Newswatch | Newswatch

You are here

Turkish court sentences Kurdish newspaper manager to 138 years in prison

Turkish persecution: The 24-year-old journalist was convicted by the Diyarbakir 5th High Criminal Court in the Kurdish-majority region of southeastern Turkey on December 30. Previously, the former editor-in-chief of "Azadiya Welat", Vedat Kursun, was sentenced to 166 years in jail on the same charges and another former "Azadiya Welat" editor-in-chief, Ozan Kilic, received a prison sentence of 21 years.

The former editorial manager and concessionaire of the Kurdish newspaper Azadiya Welat, Emine Demir, received a prison sentence of 138 years on charges of "spreading propaganda for the PKK", the militant Kurdistan Workers Party. The sentence is based on articles Demir accepted for publication in the paper, according to IPS Communication Foundation (BIANET).

The 24-year-old journalist was convicted by the Diyarbakir 5th High Criminal Court in the Kurdish-majority region of southeastern Turkey on December 30, 2010.

Previously, the former editor-in-chief of Azadiya Welat, Vedat Kursun, was sentenced to 166 years in jail on the same charges and another former Azadiya Welat editor-in-chief, Ozan Kilic, received a prison sentence of 21 years. Both journalists are incarcerated at the Diyarbakir E Type Prison. Demir did not attend the hearing but was represented by her lawyer, Servet Ozen.

Ozen requested that the court consider the articles and news items that were the subject of the trial within the scope of freedom of thought and opinion and advocated for her client's acquittal.

However, the court ruled for an 84-count sentence, applying Article 314 of the Turkish Criminal Law (TCK) on "committing a crime on behalf of an organisation without being a member of that organisation", based on 84 items published in 2008 and 2009 that allegedly "spread propaganda for an illegal organisation". The court decided on an 18 month punishment for each article, adding up to a prison term of 138 years. Additionally, an arrest warrant was issued for Demir, as she is not currently being held in detention.

On the same day, the Diyarbakir 6th High Criminal Court handed down a three-year prison sentence to Gurbet Cakar, former editor-in-chief of the Heviya Jine (Women's Hope) magazine. She was found guilty of "committing a crime on behalf of an illegal organisation without being a member of the organization" and "making propaganda for the PKK". Cakar was released after the hearing. She had been detained by the Diyarbakir Public Prosecutor's Office since the middle of March, after she had appeared to give her statement.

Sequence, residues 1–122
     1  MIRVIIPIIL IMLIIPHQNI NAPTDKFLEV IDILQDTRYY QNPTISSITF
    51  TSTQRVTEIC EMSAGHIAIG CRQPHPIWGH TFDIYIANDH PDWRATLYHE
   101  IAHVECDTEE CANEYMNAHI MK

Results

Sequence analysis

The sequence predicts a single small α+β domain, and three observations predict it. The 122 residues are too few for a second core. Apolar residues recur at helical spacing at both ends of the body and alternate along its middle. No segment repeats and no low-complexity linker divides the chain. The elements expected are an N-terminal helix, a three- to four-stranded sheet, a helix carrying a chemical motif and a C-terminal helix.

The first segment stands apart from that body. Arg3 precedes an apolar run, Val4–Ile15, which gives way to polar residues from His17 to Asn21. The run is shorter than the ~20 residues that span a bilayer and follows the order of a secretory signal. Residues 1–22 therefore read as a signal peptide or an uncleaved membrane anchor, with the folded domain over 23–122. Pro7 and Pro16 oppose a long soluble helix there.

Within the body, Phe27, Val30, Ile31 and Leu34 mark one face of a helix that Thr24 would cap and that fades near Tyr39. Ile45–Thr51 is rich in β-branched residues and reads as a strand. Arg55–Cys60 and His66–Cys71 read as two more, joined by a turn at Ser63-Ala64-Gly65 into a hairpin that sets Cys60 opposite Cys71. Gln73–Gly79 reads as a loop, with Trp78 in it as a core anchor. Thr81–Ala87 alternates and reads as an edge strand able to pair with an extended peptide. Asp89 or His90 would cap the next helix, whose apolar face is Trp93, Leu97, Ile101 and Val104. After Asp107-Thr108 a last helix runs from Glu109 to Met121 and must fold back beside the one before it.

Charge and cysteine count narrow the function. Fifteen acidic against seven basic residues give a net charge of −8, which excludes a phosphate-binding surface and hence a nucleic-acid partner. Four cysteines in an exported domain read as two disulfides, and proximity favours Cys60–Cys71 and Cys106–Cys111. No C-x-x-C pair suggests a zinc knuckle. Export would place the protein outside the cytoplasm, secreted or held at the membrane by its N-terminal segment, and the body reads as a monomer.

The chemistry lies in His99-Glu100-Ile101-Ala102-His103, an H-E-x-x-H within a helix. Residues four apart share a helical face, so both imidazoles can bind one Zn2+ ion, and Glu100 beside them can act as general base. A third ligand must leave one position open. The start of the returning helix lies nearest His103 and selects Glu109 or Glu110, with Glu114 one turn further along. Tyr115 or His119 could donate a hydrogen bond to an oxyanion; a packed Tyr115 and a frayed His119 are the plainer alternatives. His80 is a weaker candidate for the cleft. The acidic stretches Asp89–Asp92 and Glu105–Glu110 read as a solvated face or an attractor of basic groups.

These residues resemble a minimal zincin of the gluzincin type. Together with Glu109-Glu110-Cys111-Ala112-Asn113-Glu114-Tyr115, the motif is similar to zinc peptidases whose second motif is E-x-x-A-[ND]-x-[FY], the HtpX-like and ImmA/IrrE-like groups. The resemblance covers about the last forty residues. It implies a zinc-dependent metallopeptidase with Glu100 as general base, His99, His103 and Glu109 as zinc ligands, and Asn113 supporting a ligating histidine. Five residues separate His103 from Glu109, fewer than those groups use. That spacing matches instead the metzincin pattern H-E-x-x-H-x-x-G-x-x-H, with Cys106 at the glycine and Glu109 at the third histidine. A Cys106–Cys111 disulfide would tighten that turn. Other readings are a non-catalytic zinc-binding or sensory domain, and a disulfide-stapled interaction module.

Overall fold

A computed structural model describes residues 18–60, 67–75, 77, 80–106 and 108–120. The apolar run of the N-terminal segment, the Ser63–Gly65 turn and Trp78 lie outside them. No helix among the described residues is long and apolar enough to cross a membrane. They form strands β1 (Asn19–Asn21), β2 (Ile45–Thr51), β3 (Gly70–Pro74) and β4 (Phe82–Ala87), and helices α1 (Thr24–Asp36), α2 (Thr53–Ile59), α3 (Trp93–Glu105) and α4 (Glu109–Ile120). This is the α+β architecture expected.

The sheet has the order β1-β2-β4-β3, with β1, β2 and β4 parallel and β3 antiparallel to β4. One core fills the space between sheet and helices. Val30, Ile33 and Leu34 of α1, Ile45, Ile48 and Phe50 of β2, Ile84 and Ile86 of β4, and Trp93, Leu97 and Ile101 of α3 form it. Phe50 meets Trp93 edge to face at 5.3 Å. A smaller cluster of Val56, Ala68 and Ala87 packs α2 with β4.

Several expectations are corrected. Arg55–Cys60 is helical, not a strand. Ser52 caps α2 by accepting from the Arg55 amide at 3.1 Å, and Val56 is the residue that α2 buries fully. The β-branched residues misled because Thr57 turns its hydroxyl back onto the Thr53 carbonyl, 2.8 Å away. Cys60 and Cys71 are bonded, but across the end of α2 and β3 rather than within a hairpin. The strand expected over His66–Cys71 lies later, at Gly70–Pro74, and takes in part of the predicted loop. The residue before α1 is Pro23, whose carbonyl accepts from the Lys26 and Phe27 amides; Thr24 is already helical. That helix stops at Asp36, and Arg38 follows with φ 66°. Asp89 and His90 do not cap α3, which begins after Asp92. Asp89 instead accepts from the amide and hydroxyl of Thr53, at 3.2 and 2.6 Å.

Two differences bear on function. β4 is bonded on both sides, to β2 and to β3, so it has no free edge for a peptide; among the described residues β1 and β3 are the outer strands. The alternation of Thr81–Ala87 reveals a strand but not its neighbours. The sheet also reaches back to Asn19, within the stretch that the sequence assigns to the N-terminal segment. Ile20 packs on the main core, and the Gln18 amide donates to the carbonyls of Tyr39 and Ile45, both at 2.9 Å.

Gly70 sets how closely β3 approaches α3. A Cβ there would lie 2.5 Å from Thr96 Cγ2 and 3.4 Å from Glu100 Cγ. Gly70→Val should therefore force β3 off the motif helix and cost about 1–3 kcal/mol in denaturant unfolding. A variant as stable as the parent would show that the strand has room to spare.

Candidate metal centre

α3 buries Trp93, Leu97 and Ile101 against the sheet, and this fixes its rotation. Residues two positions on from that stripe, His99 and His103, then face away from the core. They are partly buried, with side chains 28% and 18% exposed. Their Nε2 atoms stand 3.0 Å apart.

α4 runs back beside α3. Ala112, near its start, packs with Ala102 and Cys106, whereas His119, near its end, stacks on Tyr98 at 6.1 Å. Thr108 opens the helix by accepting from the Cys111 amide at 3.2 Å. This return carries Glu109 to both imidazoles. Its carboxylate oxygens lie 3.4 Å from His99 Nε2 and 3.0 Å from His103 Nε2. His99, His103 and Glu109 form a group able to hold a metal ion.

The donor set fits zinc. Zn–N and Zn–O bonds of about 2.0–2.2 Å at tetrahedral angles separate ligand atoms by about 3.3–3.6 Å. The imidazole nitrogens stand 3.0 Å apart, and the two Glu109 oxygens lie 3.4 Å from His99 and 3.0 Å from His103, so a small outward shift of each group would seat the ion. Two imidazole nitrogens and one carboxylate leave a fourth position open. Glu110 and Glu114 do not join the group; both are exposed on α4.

The same court proceeded in a case against Bedri Adanir, manager of the Hawar newspaper. It was decided to keep the journalist in detention until the coming hearing on March 3, 2011.

On December 30, 2010, Kurdish politician Aysel Tugluk, co-chair of the pro-Kurdish Democratic Society Congress (DTK), was sentenced to 10 months behind bars by a court in Erzurum (eastern Anatolia) on charges of "praising a crime and a criminal" and "spreading PKK propaganda". An investigation had been launched in the Dogubayazit district of Agri (province of Erzurum) on the grounds of a speech Tugluk delivered in the district.

The file was forwarded to the Erzurum Special Authority 2nd High Criminal Court and the case against the Kurdish politician was opened on March 12, 2010. At the final hearing on December 30, the court decided to postpone the pronouncement of the judgement. The sentence will only be executed if Tugluk commits the same type of offence within the next five years.

Selim Sadak, the mayor of Siirt and a member of the pro-Kurdish Peace and Democracy Party (BDP), received the same sentence on charges of "spreading propaganda for the PKK". Sadak was convicted on charges related to a speech he delivered at a meeting in the city of Silopi (in the southeastern province of Sirnak) on October 19, 2008. He initially received a prison sentence of one year under article 7/2 of the Anti-Terror Law, which was then reduced to 10 months.

Date posted: January 7, 2011 Last modified: May 23, 2018 Total views: 254